Geomagnetic modulation of clouds effects in the Southern Hemisphere Magnetic Anomaly through lower atmosphere cosmic ray effects
Article first published online: 18 JUL 2006
Copyright 2006 by the American Geophysical Union.
Geophysical Research Letters
Volume 33, Issue 14, July 2006
How to Cite
2006), Geomagnetic modulation of clouds effects in the Southern Hemisphere Magnetic Anomaly through lower atmosphere cosmic ray effects, Geophys. Res. Lett., 33, L14802, doi:10.1029/2006GL026389., and (
- Issue published online: 18 JUL 2006
- Article first published online: 18 JUL 2006
- Manuscript Accepted: 1 JUN 2006
- Manuscript Revised: 13 MAY 2006
- Manuscript Received: 24 MAR 2006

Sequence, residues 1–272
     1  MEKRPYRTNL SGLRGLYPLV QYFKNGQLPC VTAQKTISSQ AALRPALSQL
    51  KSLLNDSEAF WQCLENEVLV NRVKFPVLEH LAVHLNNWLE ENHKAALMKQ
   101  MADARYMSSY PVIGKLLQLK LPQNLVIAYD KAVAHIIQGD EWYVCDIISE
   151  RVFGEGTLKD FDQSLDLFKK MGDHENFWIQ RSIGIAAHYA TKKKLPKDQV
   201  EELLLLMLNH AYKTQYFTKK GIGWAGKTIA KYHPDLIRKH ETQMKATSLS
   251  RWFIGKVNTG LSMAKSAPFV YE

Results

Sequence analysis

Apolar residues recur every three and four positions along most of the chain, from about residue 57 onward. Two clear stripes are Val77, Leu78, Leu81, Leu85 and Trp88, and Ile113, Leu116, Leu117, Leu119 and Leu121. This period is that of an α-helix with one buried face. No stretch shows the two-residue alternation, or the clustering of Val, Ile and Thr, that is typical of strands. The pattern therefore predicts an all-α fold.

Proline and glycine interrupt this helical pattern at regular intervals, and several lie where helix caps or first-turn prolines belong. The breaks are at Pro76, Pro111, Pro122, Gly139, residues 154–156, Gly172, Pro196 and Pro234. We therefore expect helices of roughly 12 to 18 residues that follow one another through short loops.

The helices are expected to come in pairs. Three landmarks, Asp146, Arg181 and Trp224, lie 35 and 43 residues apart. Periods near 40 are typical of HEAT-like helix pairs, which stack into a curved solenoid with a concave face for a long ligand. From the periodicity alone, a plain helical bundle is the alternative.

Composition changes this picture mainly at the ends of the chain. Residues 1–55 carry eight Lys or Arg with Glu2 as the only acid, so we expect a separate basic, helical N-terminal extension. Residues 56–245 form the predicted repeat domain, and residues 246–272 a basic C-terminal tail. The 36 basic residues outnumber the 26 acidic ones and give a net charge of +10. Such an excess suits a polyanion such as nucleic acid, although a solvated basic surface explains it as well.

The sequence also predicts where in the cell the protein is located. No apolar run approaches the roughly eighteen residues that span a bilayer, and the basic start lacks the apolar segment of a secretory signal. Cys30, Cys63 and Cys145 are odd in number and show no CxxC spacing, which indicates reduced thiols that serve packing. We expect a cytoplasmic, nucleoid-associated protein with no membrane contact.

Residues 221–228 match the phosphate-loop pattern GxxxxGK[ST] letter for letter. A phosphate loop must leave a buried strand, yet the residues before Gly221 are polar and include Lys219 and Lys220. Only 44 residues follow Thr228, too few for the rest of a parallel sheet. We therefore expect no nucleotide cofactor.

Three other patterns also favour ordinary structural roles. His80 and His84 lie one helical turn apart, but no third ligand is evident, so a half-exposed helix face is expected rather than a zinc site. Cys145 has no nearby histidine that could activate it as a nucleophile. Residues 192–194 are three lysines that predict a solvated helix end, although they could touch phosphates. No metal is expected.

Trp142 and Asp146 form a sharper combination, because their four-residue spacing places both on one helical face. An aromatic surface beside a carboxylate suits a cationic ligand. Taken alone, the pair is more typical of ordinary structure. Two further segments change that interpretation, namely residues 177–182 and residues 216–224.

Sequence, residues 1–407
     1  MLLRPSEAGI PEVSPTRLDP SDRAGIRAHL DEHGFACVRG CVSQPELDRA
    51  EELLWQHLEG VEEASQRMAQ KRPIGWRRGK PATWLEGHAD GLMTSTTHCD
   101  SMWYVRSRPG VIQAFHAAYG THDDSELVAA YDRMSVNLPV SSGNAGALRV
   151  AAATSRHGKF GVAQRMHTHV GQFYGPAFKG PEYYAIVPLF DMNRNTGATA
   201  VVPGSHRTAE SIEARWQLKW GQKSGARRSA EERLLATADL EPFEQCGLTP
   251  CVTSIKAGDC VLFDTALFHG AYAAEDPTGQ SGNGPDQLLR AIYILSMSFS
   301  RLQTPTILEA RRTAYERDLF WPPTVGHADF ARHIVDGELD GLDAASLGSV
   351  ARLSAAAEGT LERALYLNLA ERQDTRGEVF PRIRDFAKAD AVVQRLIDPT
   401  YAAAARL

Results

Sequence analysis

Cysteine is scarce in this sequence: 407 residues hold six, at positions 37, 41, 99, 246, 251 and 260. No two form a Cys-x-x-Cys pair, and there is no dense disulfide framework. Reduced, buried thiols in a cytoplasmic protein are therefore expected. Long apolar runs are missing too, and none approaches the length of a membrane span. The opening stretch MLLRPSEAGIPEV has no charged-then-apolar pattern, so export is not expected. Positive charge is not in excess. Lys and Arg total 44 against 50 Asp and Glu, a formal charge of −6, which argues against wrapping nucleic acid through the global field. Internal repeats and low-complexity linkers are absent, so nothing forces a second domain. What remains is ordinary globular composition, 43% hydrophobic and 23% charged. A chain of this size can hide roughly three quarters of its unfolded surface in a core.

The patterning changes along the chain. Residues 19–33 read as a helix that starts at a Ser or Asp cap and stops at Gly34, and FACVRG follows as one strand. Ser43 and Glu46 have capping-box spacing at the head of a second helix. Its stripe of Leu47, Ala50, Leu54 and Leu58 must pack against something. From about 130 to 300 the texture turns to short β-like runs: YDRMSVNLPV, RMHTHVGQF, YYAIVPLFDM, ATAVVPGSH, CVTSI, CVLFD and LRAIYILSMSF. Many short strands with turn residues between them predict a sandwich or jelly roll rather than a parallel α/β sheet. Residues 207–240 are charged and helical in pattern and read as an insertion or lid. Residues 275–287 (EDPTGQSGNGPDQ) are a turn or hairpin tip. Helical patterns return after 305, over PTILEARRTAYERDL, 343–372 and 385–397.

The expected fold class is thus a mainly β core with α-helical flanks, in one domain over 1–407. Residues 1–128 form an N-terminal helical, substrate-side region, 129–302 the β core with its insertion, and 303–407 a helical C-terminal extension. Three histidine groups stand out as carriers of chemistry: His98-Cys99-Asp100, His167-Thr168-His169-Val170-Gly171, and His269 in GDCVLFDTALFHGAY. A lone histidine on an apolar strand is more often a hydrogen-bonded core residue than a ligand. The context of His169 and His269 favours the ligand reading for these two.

The study of the physical processes that drive the variability of the Earth's climate system is one of the most fascinating and challenging topics of research today. Perhaps the largest uncertainties in our ability to predict climate change are the cloud formation process and the interaction of clouds with radiation. Here we show that in the southern Pacific Ocean cloud effects on the net radiative flux in the atmosphere are related to the intensity of the Earth's magnetic field through lower atmosphere cosmic ray effects. In the inner region of the Southern Hemisphere Magnetic Anomaly (SHMA) it is observed a cooling effect of approximately 18 W/m2 while in the outer region it is observed a heating effect of approximately 20 W/m2. The variability in the inner region of the SHMA of the net radiative flux is correlated to galactic cosmic rays (GCRs) flux observed in Huancayo, Peru (r = 0.73). It is also observed in the correlation map that the correlation increases in the inner region of the SHMA. The geomagnetic modulation of cloud effects in the net radiative flux in the atmosphere in the SHMA is, therefore, unambiguously due to GCRs and/or highly energetic solar proton particles effects.